A small silicon disc on a space-bound satellite is a giant leap for public art--whether or not the aliens actually get it
Maybe at some point in the future, an alien will stumble on a piece of space junk from a galaxy far, far, away. The object, perhaps still ensconced its gold-plated aluminum cover, is a silicon disc embedded with curious engravings. Like the French teens who found the cave paintings at Lascaux, perhaps the alien will perceive it as something very special, and it will scrutinize its markings for what they say about the remote culture that made it.
Even Trevor Paglen, the artist who spent five years picking 100 images to put on this space-bound time capsule, devising a return address that unimaginable life forms might understand, and creating a package that could survive billions of years, admits that the possibility of extraterrestrials finding–much less interpreting–his silicon artifact is not so good.
Nevertheless, the staff of the public-art nonprofit Creative Time, along with the MIT students, scholars, scientists, and satellite-corporation executives who helped him along the way, honored the process. That’s how Paglen’s disc ended up attached to the EchoStar XVI, a communications satellite serving Dish Network subscribers that is scheduled to launch from Kazakhstan this fall.
If the calculations of Paglen’s team are correct, his little archive will survive longer than people, or Earth, making it the farthest-traveling, longest-lasting artwork in the history of history. This represents one giant leap for Creative Time, whose previous forays in space include hiring crop-dusters to skywrite Vik Muniz’s cloud drawings above Manhattan and staging Tom Sachs’s Earth-bound voyage to Mars in the Park Avenue Armory.
The organization wanted the human audience to see The Last Pictures too, so it gathered them in a book. Last week, the volume (co-published with University of California Press) was launched beneath the stars, behind the New York Public Library, at a public conversation between Paglen and Werner Herzog. The matchup seemed obvious, since the curmudgeonly director shares so many obsessions—cave art, frontiers, code-cracking—with the artist, who describes himself as a “cultural geographer.” Still, I was a little nervous for Paglen, having recently seen Herzog at the Whitney, where (in an event staged to coincide the Biennial, which he was part of) he’d denounced conceptual art and insisted it would never stand the test of time. And here he was, discussing a conceptual art project that’s supposed to last longer than we do.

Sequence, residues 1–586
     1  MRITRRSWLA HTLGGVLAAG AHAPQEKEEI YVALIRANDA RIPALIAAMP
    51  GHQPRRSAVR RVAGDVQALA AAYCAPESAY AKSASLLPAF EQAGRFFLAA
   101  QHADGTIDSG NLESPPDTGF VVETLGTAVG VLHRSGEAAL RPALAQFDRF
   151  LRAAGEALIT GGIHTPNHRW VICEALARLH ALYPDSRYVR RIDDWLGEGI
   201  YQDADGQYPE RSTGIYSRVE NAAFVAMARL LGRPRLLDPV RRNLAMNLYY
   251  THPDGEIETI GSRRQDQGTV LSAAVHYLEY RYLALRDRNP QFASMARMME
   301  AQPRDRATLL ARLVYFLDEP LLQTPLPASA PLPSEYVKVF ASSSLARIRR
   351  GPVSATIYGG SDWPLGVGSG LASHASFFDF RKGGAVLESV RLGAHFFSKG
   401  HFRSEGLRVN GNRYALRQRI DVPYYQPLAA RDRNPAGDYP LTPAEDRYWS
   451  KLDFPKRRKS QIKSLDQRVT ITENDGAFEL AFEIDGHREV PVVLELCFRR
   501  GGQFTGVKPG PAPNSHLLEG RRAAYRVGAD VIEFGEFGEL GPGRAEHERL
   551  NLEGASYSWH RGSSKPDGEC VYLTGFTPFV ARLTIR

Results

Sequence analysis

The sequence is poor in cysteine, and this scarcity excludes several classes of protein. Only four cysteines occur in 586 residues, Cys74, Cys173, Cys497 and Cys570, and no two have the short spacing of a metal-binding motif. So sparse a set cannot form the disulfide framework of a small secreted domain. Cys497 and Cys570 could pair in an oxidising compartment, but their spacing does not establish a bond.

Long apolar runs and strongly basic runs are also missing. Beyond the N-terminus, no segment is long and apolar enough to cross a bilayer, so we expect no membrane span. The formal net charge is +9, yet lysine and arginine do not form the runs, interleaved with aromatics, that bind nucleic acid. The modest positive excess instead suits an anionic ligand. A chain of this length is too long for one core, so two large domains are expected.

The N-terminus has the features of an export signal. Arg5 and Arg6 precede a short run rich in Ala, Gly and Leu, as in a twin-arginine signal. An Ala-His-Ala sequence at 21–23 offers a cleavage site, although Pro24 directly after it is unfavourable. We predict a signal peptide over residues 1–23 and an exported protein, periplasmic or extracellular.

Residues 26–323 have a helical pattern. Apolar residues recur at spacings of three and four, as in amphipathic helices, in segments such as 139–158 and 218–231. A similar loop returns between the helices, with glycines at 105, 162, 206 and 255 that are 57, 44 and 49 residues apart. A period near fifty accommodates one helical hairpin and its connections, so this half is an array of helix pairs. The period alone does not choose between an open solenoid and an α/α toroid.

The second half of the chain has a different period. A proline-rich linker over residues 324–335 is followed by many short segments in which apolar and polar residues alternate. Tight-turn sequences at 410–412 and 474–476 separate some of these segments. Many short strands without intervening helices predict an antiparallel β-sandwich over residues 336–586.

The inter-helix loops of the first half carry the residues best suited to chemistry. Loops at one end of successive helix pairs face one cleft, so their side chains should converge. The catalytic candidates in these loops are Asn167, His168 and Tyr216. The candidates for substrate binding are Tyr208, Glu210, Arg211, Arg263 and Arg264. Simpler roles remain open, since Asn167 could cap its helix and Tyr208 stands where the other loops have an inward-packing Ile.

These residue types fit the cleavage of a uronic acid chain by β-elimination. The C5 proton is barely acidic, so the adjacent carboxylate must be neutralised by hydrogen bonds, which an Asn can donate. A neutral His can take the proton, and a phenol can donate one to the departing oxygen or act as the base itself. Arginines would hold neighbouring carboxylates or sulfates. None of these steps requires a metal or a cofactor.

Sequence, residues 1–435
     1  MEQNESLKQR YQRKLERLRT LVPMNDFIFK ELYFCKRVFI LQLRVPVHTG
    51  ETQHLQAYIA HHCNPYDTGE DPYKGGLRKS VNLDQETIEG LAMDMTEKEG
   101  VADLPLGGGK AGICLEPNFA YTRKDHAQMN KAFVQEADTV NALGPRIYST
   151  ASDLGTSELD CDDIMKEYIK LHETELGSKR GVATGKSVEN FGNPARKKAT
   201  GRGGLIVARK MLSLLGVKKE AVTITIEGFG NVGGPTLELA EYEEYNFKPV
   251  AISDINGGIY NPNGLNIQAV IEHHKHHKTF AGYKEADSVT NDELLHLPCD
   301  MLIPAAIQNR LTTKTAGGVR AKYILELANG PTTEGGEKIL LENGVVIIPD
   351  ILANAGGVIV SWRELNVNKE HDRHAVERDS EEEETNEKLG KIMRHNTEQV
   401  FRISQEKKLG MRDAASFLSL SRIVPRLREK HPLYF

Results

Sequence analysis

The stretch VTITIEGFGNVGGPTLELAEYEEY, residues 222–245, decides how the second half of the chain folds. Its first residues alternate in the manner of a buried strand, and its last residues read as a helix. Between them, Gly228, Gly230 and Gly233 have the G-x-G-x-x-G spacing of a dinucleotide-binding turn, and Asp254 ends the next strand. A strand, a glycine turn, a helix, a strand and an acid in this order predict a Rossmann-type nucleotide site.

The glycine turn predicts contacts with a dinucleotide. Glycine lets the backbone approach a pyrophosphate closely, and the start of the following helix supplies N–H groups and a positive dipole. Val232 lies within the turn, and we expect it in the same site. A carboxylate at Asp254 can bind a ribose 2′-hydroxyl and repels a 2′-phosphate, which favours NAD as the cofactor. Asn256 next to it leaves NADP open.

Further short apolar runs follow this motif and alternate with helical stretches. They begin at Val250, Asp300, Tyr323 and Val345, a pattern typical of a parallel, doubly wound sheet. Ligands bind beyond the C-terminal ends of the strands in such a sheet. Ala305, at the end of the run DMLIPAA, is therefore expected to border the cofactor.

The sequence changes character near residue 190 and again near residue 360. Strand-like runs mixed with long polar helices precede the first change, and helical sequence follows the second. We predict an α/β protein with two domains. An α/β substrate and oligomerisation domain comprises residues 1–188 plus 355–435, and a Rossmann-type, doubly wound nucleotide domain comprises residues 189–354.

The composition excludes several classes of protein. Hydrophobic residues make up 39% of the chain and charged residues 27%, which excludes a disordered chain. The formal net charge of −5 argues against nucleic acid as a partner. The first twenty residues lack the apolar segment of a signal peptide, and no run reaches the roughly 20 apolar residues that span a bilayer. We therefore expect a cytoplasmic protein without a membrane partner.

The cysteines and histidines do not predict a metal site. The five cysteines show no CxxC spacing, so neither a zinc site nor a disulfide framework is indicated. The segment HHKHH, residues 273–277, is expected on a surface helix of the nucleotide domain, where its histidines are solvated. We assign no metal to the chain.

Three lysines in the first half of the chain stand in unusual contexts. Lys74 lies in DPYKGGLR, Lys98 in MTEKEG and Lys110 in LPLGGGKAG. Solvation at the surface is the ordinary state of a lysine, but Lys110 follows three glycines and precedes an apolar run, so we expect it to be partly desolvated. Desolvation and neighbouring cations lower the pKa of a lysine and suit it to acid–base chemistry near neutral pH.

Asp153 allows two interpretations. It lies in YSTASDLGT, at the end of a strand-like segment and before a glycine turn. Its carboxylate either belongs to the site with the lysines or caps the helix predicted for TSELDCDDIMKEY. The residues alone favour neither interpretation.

Predictably, Herzog did not like the “Star Trek mentality” that suggests aliens as we imagine them actually exist. But he played along with the concept, endorsing the presence of cats in Paglen’s mix and warning against using art to communicate with beings that lack sight as we know it. “How,” he queried, only partly rhetorically, “will aliens see your Paul Klee?”
But then, we can’t see the Klee either. It’s the label affixed to the back of Klee’s 1920 watercolor Angelus Novus that begins Paglen’s 100 images, which appear without any text. The captions, such as they are, are in an appendix. There, we learn that this picture, prior to being inherited by Jewish mystic Gershom Scholem, was owned by Walter Benjamin, who discussed it in his Theses on the Philosophy of History shortly before his death fleeing the Nazis in 1940. Benjamin described Klee’s angel as looking back, beholding a great catastrophe.
Clearly, we’re not in Carl Sagan territory any more. The optimism and we-are-the-world quality of the Voyager Golden Record, launched 35 years ago, are nowhere present in The Last Pictures. The book is an intentionally perverse, obscure, awe-inspiring, heartbreaking, brain-twisting selection of images, culled from libraries, databases, and archives, that appear in a progression Paglen describes as a silent film, or a poem. The sequence of black-and-white reproductions has the dreamlike quality of a Chris Marker movie, where the documentary photos evoke science fiction and the science fiction—like the set of Escape from Planet of the Apes–seems real. The presumptive great achievements of human civilization–space travel, modern art–come off as quaint and obsolete. Ai Weiwei shows up, giving the finger to the Eiffel Tower. For every attempt at communication, there is misstep, like the Tower of Babel (rendered by Pieter Breugel the Elder), or Esperanto’s also-ran, Volapük. Images stand in for global warming, industrial pollution, and man’s inhumanity to man, expressed in deviously cheerful images of prisoners of war and Agent-Orange deformed children. Great sea creatures, like the orca and the whale shark, are captive in aquariums. Others are farmed, or cloned, or genetically altered. The fruit fly has legs where its antennae should be. Even cats are pressed into service in a sadistic piano.
If earth hasn’t been destroyed by the time aliens find this, it could make them want to finish the job.
As depressing as all this is, it’s kind of uplifting to think of all the people who came together to get Paglen’s disc ready for liftoff: anthropologists; philosophers; cognitive scientists; aerospace engineers; experts in quantum nanostructures, materials science, message encoding, and more. As several of these specialists make clear in the book, none had illusions about communicating with aliens. But they threw themselves into this quixotic art project anyway.
This inner beauty of The Last Pictures is the real reason it works as public art. Because no matter what happens in outer space, Paglen has been colonizing inner space all along.